A few years ago tigers were threatened in India and faced extinction. What followed was an unforeseen strive from the government to save the wild exotic wild animal. The save tiger campaign was successful and what we’re witnessing now is a great opportunity to look into the behaviors of the wonderful animal. In a recent tracking by forest authorities in India, a tiger was known to travel 2000 Km (New record) to find a suitable mate and prey.
The tiger is tagged by a collar in the neck and made a 2,000 Kms journey through canals, fields, forest, roads and there were no unwanted conflicts (human contact) were recorded.
The tiger walked all night long while rested during the day as per the forest official. Earlier the longest walk for the same tiger was reported to be 1300KM by BBC. The news was shared by Parveen Kaswan, an Indian Forest Service officer, through his Twitter handle. Kaswan, with 87.5K followers on the social media platform often tweets on nature and wildlife.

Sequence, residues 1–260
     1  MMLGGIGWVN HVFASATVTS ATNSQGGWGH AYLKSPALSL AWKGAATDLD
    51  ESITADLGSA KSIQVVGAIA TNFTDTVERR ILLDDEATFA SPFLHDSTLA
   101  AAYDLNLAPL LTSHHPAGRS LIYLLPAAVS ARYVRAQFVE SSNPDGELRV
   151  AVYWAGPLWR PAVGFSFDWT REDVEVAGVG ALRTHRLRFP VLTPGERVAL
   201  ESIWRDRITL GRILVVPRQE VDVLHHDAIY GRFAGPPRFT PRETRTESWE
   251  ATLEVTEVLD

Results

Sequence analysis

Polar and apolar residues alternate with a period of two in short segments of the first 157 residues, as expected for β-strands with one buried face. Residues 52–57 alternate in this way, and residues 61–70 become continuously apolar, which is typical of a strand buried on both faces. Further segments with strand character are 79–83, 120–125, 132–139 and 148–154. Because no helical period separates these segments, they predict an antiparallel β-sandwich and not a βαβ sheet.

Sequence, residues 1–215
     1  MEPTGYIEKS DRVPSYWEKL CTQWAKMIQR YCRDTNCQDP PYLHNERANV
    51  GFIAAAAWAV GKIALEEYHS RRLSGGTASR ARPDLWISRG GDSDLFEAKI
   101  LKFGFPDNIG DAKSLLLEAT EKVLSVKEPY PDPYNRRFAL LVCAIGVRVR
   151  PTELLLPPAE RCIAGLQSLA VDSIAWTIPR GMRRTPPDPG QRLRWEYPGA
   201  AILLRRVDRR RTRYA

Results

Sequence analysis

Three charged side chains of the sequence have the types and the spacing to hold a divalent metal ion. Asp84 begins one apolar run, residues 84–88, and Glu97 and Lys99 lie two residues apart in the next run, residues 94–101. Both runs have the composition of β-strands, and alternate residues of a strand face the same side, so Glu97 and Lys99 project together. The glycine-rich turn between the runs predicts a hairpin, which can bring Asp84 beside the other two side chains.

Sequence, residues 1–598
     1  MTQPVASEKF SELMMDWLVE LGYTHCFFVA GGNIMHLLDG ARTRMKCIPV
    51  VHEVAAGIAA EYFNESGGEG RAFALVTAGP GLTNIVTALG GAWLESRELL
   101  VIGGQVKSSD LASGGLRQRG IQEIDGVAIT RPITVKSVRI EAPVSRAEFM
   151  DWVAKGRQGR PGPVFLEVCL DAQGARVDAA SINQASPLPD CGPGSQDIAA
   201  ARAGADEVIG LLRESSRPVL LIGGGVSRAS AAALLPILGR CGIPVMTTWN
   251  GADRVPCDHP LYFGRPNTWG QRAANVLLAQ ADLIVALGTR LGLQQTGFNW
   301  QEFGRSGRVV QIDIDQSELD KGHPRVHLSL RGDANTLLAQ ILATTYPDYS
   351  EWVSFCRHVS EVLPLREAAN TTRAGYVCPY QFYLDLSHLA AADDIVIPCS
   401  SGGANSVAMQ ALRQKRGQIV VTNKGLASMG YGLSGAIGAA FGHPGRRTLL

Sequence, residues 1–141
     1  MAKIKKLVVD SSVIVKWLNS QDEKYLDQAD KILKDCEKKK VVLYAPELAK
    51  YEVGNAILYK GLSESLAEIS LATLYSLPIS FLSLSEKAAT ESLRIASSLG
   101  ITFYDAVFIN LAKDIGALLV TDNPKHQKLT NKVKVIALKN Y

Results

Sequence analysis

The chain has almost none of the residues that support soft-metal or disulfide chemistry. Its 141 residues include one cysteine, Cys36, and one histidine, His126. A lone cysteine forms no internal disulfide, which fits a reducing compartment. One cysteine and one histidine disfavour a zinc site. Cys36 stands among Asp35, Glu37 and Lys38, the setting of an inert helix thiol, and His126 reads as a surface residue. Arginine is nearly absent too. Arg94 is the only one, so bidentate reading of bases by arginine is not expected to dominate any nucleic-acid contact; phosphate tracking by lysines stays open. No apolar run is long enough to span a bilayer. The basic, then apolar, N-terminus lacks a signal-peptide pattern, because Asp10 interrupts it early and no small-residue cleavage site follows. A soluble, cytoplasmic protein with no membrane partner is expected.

A new record and fear of human contact
With a total distance covered topping 2,000 Kms, the tiger has traveled more than any other from his species already. Wildlife officials say the big cat has not traveled in a “linear manner”. He is being tracked through GPS satellite information every hour and has been recorded in more than 5,000 locations in the past nine months while setting an earlier record of 1,300 Kms.
The tiger, called C1, was one of three male cubs born to T1, a female tiger in Tipeshwar wildlife sanctuary, home to 10 tigers in Maharashtra state
“The tiger is possibly looking for territory, food, and a mate. Most of the potential tiger areas in India are full and new tigers have to explore more,” Dr. Bilal Habib, a senior biologist with the Wildlife Institute of India, had earlier told the BBC.
The range for the total tiger population in the wild is estimated between 2,603-3,346. The population has increased by nearly 33% since the last census in 2014 when the total estimate was 2,226.
Maharashtra, at 312, has the fourth-highest tiger population in the country, following Madhya Pradesh (526), Karnataka (524) and Uttarakhand (442).
The tiger bearing habitats are divided into five landscape regions—Shivalik-Gangetic plains, Central India and the Eastern Ghats, Western Ghats, North Eastern Hills, and Brahmaputra Flood Plains and the Sundarbans.